Phrase Match will return results for queries that include your keyword phrase in the exact order you specified, but may also include additional words before or after it.
Phrase match keyword: “men’s hats”
Matching searches: black men’s hats buy hats for men
- Exact match (minimum reach, maximum relevance)
Broad keywords are the total opposite of exact match keywords. As the name implies, these keywords are based on exact search queries and terms, right down to the last detail. The search query must exactly match the keyword for the search engine to display your ad. As a result, this is the most challenging type of keyword match to master. However, traffic generated by exact match keywords is more curated and easier to convert for you. Exact Match keeps your keyword phrase in the exact order that you entered it.
Exact match keyword: [men’s shoes]
Shoes for men
Because the possibility of an exact match is low, traffic to your website will be lower than traffic generated by broad or phrase match keywords. You will need to add more keywords to your campaign to increase the volume of traffic. The fact that conversion rates are the highest means that even low traffic can boost your sales.
- Negative Match (usually used to increase the relevance of the website visitors)
A negative match lets you exclude your ad from searches that contain the exact keyword phrase. Additional words may be included in searches, but the ad will not appear unless the keywords are included in the search in the same order.
Google Ads Retargeting
In Google Ads, retargeting (or remarketing) is a method of advertising to users who have previously interacted with you online but have not yet converted. Tracking cookies will follow users around the web and target them with your advertisements. Remarketing is effective because most prospects require multiple exposures to your marketing before becoming a customer.
Types of Google Ads Campaigns
- Search Ad campaigns
Text ads that appear on Google results pages are known as search ads. These text ads appear at the top of Google search results pages. Google search advertising campaigns are typically pay-per-click (PPC), which means you only pay Google when someone clicks on your ad. Because your ad copy is the focal point of these campaigns, take extra care when writing it.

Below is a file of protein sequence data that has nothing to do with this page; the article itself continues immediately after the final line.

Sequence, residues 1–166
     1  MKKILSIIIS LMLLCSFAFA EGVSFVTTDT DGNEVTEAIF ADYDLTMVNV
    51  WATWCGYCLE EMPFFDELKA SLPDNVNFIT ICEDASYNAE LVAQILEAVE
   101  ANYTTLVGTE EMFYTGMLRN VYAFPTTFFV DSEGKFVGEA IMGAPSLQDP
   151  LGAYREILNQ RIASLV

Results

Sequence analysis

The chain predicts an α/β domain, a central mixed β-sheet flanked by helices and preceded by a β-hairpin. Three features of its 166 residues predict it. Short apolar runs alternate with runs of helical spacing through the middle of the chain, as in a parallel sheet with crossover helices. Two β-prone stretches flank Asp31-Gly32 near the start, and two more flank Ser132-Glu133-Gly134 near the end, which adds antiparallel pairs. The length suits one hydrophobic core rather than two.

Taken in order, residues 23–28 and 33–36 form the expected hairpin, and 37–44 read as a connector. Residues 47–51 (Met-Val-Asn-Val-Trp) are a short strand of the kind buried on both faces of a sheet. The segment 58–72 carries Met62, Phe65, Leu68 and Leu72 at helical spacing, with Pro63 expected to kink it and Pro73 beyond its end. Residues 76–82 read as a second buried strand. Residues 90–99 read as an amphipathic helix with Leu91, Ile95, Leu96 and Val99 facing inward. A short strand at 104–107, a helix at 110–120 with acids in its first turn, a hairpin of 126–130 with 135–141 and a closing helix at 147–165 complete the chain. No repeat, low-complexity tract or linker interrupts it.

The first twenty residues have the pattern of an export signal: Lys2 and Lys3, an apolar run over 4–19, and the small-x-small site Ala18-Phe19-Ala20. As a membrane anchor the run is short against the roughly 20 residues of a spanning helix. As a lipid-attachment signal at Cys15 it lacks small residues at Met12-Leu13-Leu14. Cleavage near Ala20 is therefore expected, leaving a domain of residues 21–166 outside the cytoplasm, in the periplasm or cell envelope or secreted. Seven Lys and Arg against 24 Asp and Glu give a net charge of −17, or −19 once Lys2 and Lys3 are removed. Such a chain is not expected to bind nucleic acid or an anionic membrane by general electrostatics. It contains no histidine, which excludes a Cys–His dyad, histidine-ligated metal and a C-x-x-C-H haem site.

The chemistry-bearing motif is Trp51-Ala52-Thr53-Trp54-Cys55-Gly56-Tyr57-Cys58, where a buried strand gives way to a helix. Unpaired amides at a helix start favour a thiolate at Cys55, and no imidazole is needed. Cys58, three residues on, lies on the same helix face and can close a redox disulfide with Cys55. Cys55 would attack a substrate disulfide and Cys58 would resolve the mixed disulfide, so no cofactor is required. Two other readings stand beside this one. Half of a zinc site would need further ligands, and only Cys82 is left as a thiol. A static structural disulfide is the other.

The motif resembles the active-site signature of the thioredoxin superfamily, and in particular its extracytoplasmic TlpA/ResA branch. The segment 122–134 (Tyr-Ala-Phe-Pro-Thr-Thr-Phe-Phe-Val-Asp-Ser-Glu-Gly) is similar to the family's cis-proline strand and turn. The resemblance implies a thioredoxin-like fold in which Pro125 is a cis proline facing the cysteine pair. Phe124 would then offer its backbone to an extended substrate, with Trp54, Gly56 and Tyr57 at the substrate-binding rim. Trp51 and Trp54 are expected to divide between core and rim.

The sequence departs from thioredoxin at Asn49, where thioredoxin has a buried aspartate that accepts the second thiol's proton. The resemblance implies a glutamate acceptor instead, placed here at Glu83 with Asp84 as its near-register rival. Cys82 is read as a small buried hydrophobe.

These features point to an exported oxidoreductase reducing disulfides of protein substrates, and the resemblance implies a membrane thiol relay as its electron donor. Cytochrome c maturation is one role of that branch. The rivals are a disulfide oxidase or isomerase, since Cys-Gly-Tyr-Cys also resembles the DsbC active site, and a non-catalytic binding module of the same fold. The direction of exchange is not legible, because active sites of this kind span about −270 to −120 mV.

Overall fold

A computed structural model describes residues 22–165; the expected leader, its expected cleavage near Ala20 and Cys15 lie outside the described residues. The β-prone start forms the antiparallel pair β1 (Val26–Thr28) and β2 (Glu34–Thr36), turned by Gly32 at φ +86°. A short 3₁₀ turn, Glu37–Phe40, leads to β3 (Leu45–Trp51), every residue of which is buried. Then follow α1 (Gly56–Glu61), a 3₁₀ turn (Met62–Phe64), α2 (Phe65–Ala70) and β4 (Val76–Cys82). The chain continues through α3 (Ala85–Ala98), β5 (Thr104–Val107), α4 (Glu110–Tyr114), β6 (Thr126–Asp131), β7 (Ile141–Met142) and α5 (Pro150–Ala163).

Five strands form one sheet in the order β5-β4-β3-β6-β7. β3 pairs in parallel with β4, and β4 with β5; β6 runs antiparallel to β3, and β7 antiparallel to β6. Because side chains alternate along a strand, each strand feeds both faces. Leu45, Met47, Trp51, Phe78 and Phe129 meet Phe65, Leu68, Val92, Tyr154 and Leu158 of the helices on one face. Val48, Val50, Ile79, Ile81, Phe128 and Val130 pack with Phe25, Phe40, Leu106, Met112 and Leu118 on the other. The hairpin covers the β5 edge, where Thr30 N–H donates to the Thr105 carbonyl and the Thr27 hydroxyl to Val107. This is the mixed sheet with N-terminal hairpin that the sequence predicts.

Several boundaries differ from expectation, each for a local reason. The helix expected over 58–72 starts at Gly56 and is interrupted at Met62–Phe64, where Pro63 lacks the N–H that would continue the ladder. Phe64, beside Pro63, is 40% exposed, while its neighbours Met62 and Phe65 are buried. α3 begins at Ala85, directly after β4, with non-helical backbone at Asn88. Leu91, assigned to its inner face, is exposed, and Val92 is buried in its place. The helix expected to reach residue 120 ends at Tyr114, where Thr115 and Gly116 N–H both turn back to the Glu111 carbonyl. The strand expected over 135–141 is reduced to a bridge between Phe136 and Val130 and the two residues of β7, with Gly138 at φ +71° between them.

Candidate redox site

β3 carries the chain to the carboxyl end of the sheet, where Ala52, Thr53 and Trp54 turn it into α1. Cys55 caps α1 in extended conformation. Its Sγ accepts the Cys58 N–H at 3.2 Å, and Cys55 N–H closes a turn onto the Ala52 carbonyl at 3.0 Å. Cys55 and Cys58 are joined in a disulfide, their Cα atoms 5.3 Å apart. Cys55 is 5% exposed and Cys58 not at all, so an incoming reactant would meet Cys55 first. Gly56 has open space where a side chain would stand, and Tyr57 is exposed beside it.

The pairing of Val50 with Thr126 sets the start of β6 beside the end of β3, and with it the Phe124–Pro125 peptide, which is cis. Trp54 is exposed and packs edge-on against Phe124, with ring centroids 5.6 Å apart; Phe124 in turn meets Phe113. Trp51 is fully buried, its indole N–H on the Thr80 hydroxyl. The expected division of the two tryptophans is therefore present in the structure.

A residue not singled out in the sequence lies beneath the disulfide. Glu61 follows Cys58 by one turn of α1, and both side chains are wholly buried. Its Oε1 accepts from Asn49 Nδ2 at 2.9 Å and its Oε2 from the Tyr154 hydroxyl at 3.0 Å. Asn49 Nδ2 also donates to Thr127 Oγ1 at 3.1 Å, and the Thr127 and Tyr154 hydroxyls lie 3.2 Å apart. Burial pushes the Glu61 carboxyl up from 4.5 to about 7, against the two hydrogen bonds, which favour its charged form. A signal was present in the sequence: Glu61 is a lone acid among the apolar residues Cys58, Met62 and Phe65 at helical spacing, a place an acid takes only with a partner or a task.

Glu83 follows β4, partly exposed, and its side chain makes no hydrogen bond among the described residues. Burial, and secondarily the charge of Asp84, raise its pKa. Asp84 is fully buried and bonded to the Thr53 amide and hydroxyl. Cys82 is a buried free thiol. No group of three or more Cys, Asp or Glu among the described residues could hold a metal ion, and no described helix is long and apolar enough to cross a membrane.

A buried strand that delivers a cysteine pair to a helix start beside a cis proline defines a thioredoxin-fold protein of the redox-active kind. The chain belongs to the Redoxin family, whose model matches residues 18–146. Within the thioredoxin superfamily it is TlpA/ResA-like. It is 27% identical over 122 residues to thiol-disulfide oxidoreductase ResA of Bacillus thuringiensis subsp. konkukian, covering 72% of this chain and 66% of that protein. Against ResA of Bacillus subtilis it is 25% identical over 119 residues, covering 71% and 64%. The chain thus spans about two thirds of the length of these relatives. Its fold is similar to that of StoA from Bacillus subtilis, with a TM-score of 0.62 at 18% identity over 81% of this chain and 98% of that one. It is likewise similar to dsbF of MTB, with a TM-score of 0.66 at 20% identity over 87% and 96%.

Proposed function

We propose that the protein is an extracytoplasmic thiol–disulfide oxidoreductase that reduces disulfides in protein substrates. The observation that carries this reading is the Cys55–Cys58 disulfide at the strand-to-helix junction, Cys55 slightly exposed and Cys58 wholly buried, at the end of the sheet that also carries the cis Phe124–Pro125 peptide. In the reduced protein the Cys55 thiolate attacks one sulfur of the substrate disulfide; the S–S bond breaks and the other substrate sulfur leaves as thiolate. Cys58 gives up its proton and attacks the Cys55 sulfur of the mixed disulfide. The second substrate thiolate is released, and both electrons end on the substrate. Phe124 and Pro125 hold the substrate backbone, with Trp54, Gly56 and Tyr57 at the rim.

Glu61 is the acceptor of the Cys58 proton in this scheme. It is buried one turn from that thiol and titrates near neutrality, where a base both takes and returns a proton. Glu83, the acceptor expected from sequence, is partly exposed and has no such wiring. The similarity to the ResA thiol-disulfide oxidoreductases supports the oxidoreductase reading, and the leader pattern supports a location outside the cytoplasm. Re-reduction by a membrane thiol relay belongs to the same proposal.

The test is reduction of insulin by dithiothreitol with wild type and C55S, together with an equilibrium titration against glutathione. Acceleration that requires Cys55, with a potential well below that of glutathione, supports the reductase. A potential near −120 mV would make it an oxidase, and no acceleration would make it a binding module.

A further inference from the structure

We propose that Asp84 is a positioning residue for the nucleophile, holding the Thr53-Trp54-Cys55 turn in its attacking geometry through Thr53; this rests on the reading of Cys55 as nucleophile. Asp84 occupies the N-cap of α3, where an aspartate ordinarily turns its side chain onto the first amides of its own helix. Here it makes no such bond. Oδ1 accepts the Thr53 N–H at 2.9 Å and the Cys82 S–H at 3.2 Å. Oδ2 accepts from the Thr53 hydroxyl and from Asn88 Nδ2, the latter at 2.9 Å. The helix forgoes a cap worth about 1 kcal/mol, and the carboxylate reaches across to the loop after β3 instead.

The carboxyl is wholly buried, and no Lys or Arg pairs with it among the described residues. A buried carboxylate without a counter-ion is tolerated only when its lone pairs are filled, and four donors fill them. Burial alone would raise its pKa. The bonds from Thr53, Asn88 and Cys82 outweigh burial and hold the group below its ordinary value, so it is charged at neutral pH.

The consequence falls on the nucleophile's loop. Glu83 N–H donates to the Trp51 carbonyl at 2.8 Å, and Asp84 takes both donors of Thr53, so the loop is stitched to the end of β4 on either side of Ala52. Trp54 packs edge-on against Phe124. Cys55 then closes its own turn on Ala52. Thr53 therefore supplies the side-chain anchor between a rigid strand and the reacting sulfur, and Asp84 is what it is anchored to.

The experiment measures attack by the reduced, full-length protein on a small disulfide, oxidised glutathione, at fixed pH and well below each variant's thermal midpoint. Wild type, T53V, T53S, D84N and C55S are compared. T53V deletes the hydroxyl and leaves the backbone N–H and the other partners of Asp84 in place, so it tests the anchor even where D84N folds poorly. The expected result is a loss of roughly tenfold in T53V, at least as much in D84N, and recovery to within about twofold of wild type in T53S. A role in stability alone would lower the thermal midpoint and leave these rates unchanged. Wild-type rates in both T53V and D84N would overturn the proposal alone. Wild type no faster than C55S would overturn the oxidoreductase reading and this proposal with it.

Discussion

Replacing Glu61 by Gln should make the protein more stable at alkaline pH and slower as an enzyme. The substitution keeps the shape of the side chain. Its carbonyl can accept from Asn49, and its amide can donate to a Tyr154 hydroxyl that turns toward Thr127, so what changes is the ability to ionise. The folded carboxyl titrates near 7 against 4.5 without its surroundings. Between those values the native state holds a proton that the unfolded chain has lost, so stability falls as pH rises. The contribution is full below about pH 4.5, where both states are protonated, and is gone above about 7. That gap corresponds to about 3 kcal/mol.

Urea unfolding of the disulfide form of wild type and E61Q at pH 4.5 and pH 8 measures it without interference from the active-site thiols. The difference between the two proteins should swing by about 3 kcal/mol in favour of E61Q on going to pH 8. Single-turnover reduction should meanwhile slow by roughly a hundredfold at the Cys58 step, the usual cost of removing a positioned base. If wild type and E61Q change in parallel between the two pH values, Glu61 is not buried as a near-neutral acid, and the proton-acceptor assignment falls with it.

- Display Ad Campaigns
Display network campaigns, also known as Google Display Network (GDN) ads, appear on other websites rather than on search engine results pages. They typically include text and images, which you specify when you create your ad. When you set up your campaign, you will be able to specify which demographics to target within the display network.
- Video Ad Campaigns
Video campaigns, also known as video discovery ads, are short videos that appear before or halfway through a YouTube post. They can help your product or service gain subscribers, traffic, or conversions.
Even though this ad will be seen on YouTube, you must still use Google Ads to create it. You can customize the target audience and begin a 6-15 second video clip using the platform.
- App Ad Campaigns
App campaigns are advertisements that are designed to drive app installs or in-app purchases. They may appear on SERPs, display networks, or YouTube, depending on where Google’s machine learning predicts your ad will yield the greatest benefit.
You will be able to add your ad design and budget when creating this ad. Google will display your ad in locations where the audience is most likely to be interested in your app.
- Shopping Ad Campaigns
Shopping campaigns are used to sell goods or inventory. These ads include product information such as a photo, product title, price, and your company name. These PPC ads appear at the top or bottom of a Google SERP.
To set up a shopping campaign and pull products from your website into the platform, you will need Google Merchant in addition to Ads.
With shopping campaigns, you will be able to specify negative keywords. These are the keywords for which you do not want your ad to appear. You will not, however, be able to choose which keywords to target. Google uses algorithms to determine when to show your shopping ads.
Types of Ad Extensions
- Site link Extensions provide additional links to your site that offer users more enticing reasons to click
- Call Extensions allow you to include your phone number in your ads
- Location Extensions include your address and phone number in your ad so that Google can provide searchers with a map to help them find you.
- Offer Extensions work if you’re running a current promotion.
- App Extensions provide a link to an app download for mobile users.